With all the spectacular (ahem) gadget news expected to come out of the Consumer Electronics Show this week, it’s refreshing to read a bit of low-tech news.
In this category, Hormel Foods’ acquisition of Skippy Peanut Butter most decidedly falls.
Hormel is, of course, best known for Spam. It also produces Dinty Moore Beef Stew and Hormel Chili, two items, I am a tad embarrassed to admit, my husband regularly consumes.
But mostly, when you think Hormel, which admittedly I seldom do, I think Spam.
Although I haven’t actually eaten Spam in years, I can still remember the chemical, stinging, tip-of-the-tongue sensation that came from that first luscious bite of Spam.
Believe it or not, this was a childhood treat in our house, something we could only have when my father wasn’t home. Four years in the U.S. Navy in WWII gave my father his fill of this canned pork product. Still, we had to wonder about my father’s taste. He loved yucky foods like milk toast, creamed chip beef, and finnan haddie. How was it possible that he didn’t crave Spam – especially if served up with home fries? Yum, yum, yummedy yum yum.
But perhaps it’s a grownup vs. kid thing. As an adult, I am somewhat revolted at the idea of Spam, other than as a goofily fun brand.
Peanut butter, on the other hand, is something that I eat happily and regularly.
Just not Skippy.
I much prefer the local brand, Teddie – Super Crunchy ‘R Us.
In any case, I didn’t grow up with Skippy.
Not that my mother was a choosy mother choosing Jif. (All we ever got was a free sample which, of course, we used.) No, we were a Peter Pan house. Perhaps it was the only brand carried by Morris Market. Perhaps it was the cheapest.
Anyway, I was surprised to learn that Skippy was the Number 2 brand, behind Jif. I would have thought it was Numero Uno.
Maybe being part of the Hormel family is just what it needs.
At least Hormel is food-stuff oriented. Skippy was owned by Unilever, better known for Brylcreem and Vaseline. Which may explain why Skippy trails Jif…
Most of its Hormel’s business is domestic, and the desire to go global was what prompted it to acquire Skippy:
In a conference call with analysts, CEO Jeffrey Ettinger noted that peanuts and peanut oil are popular in China. And although peanut butter is not a household staple there, he said it is growing rapidly. (Source: Boston.com)
Peanut butter may not be a staple, but it is used in dun-dun noodles, one of my favorite items on the Chinese food menu. Wish I had a big bowl of Mary Chung’s dun-dun in the fridge right about now.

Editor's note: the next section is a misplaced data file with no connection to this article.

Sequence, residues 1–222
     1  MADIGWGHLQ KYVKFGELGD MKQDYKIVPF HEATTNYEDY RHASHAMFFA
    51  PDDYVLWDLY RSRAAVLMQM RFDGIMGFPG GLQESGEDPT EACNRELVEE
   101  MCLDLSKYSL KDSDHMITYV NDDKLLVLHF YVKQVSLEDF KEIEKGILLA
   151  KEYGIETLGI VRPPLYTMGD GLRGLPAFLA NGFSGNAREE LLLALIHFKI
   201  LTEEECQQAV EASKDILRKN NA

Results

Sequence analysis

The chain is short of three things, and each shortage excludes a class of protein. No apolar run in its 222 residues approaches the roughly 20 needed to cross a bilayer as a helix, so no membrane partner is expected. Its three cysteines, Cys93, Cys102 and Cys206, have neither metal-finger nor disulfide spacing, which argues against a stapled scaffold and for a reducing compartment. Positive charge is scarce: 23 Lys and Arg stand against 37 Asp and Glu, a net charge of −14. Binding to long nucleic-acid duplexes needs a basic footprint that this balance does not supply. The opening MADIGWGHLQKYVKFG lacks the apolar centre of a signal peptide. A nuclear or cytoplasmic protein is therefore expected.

Back at home, Ettinger said peanut butter is already regarded as a convenient and affordable source of protein and that Hormel would apply its innovation skills and ‘‘take Skippy out of the jar’’ to use it with other products.
Hmmm. Wonder what innovation skills have been applied to Spam. (On second thought, it may be best not to know.)
And thinking outside the jar? How far out are we talking?
Whatever your peanut butter preference, is there a more perfect sandwich than a PBJ?
I do acknowledge that there are a few equally perfect sandwiches: BLT, tuna, grilled cheese, the Gus (bacon, lettuce, cheese, and kosher dill pickle on pumpernickel). But there’s really not a sandwich I can think of that’s any better than the classic peanut putter and jelly.
Ettinger also said that Spam, which was also introduced in the 1930s, gave the company experience in handling iconic brands.
There’s iconic and then there’s iconic, and I wouldn’t quite put Skippy in the same category as Spam. After all, Spam has it’s very own web site, while if you go to skippy.com, you’re on a site dedicated to a cartoon character – the eponymous Skippy – last seen in 1945. Or course, Skippy the Peanut Butter may argue that they’re gone the peanut butter world one better. Skippy the Peanut Butter’s found at peanutbutter.com.
But Skippy’s just about the spread, while Spam has all kinds of cool, spammish stuff for sale, including office products, kitchen utensils and housewares, sporting goods, kids clothing, and out and out kitsch. (Actually, it’s all pretty much out and out kitsch.)
Hormel’s got their work set out for them if they want to turn Skippy into as iconic as Spam’s.
Just hope that, when they start thinking outside the jar for new uses, they don’t start pushing something as ghastly as a Spam and Skippy sandwich. (White bread, only.)
But I do wonder what those out of the jar innovators will come up with…